The process of requirements gathering can be difficult at times, but is obviously essential if you want to build a solid foundation for your web project. Below are some free resources which will hopefully improve your ability to define requirements effectively, whether for your own sites or when helping clients to formulate their needs.

Articles and podcasts

A good article to start with is Requirements Gathering Essentials by Martin Bauer. It emphasises the need to think through a project properly before starting, but sensibly advises that there is no “right” method for all projects. “Instead, it prepares you to formulate your own, customised requirements gathering procedure by explaining the key issues you should consider.”

There are a couple of nice discussions about requirements available on Boagworld.com which are also great for newcomers to the topic. Show 23 has a segment on “scoping your web project” and Show 102 includes Marcus Lillington talking about requirements capture.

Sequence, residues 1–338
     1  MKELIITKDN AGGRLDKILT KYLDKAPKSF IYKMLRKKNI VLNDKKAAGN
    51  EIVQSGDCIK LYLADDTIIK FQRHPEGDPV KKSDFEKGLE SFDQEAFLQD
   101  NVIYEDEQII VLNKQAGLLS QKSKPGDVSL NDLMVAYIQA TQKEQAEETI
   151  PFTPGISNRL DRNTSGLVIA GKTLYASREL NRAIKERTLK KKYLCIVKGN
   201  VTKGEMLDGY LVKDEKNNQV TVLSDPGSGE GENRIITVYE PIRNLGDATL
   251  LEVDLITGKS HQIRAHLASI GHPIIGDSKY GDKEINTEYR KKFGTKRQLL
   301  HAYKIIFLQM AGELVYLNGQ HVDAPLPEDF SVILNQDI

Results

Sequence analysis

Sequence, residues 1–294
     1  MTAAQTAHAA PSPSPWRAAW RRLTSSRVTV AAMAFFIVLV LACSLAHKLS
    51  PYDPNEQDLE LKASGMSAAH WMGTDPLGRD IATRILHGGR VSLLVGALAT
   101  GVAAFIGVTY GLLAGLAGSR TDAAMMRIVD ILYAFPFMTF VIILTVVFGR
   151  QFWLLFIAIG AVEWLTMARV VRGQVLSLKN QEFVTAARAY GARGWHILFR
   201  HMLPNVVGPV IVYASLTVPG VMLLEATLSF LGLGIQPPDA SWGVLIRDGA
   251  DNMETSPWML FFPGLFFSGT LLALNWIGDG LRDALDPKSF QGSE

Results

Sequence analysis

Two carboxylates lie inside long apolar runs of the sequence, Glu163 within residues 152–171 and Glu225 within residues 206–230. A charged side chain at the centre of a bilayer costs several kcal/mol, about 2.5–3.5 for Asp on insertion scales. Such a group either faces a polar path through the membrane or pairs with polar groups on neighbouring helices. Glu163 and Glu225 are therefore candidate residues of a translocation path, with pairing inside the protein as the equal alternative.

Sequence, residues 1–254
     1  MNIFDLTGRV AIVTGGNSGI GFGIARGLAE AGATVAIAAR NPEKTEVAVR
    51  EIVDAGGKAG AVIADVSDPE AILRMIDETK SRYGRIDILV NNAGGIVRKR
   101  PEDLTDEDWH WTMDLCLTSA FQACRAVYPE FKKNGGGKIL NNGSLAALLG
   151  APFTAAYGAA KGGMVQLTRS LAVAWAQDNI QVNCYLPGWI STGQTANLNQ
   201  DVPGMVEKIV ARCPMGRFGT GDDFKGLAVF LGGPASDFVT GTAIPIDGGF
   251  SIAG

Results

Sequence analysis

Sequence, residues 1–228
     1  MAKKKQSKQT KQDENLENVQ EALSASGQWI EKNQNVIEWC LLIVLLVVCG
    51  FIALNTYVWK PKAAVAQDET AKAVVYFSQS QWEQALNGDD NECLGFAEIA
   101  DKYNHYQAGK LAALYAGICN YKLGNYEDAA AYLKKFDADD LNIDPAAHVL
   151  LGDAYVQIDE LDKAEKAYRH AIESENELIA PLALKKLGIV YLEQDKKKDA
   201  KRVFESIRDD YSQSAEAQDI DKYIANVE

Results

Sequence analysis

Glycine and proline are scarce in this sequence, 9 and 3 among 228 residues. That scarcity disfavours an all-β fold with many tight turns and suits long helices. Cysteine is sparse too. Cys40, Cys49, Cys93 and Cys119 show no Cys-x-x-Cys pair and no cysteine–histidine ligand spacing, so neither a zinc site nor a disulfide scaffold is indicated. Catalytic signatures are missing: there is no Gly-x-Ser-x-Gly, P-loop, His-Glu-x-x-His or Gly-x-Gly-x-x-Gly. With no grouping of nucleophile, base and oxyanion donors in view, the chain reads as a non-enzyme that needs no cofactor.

Identifying Website Requirements by Kathryn Summers & Michael Summers is a useful long article on getting requirements and understanding your clients’ perspective.

Content? Or Dis-content by Garth A. Buchholz looks at the important topic of properly planning content requirements.

Dealing with clients is an art unto itself. See 20 Ways to Keep Clients Coming Back For More by Akash Mehta for some ideas about this. Interviewing abilities and meeting management skills will also help. Amplifying your Effectiveness has an article on “Building a requirements foundation through customer interviews”, which isn’t specifically about website requirements but has a lot of good general advice about questioning clients. From a more focused designer perspective, Rookie Designer has a podcast segment on controlling a meeting which you may also find useful.